Typically, this looks like this:
Who Are You?
The webstack receives the HTTP requests from the browser, and part of those are the cookies associated with the user’s session. This means the webstack knows “who” is accessing the page [or is it an anonymous user?].
<meta name='bright-token' content='d6b6572b1bef282209d944f8d77d5992'/>
The API key can be acquired by calling the Bright RESTful API at this endpoint:
Then just take the access token out of the response, place it into a meta tag, load the bright.js through normal script tags, and you should be good to go.
The API Key gives the user access to certain Bright API calls, for a limited duration. If someone highjacked your session [via MITM attack or otherwise], the amount of havoc they could wreak is limited by the token expiration time. If you put the token expiration time into the page, bright.js can do some intelligent things with that information but it’s not critical. For example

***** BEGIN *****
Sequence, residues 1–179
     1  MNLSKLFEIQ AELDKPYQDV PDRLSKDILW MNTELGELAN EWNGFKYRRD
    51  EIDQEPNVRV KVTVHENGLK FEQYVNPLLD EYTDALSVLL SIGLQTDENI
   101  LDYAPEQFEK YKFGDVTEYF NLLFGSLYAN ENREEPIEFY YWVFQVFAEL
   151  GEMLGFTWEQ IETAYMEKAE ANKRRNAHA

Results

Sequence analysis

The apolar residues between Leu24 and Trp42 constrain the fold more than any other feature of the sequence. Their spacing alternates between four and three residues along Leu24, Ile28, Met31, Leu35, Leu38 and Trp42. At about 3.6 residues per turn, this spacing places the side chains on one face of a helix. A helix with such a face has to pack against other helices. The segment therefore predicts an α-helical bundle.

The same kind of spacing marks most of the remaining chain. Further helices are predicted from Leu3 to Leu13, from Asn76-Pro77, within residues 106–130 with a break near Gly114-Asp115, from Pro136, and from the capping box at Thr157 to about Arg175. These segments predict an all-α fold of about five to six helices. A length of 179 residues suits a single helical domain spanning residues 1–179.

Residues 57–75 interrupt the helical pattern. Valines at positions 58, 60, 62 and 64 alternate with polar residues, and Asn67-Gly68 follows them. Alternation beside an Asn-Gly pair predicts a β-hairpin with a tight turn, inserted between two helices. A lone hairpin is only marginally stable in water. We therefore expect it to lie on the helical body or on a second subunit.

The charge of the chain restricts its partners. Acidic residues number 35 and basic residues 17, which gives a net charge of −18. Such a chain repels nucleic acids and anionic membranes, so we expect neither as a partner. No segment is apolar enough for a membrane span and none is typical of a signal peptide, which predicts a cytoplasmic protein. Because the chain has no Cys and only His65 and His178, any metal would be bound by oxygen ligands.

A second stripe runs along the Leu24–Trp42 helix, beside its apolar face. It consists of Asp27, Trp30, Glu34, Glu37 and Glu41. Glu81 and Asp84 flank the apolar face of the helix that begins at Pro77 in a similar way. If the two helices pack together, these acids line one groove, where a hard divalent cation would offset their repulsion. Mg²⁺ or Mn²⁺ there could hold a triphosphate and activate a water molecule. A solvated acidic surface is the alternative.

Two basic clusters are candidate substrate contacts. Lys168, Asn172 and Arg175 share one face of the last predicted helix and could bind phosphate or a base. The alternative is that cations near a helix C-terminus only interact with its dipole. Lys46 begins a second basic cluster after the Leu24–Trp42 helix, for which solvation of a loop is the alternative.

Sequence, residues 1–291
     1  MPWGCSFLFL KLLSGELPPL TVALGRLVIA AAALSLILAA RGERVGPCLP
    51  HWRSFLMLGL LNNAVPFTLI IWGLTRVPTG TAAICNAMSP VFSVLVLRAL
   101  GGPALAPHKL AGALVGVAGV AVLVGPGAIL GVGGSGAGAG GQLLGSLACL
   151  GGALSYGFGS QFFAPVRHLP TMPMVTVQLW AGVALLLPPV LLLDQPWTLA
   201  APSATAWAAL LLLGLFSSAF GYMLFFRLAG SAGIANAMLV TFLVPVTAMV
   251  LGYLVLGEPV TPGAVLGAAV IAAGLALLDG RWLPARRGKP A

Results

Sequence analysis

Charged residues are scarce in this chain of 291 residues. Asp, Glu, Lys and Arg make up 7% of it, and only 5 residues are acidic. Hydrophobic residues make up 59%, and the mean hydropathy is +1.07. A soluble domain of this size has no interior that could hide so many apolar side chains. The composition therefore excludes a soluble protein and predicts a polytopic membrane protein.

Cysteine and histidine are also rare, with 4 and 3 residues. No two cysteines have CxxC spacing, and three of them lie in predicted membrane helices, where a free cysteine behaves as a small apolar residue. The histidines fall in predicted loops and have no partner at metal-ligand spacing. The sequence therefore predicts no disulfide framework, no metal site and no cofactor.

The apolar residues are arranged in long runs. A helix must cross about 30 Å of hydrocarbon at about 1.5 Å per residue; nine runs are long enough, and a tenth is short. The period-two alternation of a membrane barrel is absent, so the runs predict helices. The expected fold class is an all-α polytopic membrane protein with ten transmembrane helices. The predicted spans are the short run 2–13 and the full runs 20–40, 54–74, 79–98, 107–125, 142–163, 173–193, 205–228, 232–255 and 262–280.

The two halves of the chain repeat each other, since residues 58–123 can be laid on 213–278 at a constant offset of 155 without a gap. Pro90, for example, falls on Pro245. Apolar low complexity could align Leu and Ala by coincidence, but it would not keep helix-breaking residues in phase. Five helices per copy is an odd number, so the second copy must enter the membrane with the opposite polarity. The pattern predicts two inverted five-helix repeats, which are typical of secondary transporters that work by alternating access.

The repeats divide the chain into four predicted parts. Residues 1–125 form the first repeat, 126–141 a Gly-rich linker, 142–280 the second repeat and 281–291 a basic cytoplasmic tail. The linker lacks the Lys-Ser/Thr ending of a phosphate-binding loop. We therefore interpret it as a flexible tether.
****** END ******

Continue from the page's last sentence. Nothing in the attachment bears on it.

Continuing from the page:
<meta name='bright-token-expiration' content='2016-12-13T03:41:42.731Z'/>
Recommended amount of data to send to the page.
For various historical reasons, we typically wrote the following to the page:
<meta name='bright-token' content='somesortoflongSHA'/> <meta name='bright-token-expiration' content='2016-12-13T03:41:42.731Z'/> <meta name='bright-api-url' content='https://[bright-api-url]/bright/api/v2'/> <meta name='bright-first-name' content='My'/> <meta name='bright-last-name' content='LastName'/> <meta name='bright-email' email@example.com'/>
Including all the fields above will mean that the page won’t have to fetch this data from when bright.js initializes.
Current webstack implementations for Bright, like WordPress and Drupal, cache the API key along with the expiration date and return the cached key to the page if it hasn’t expired. This can save time and improve page performance.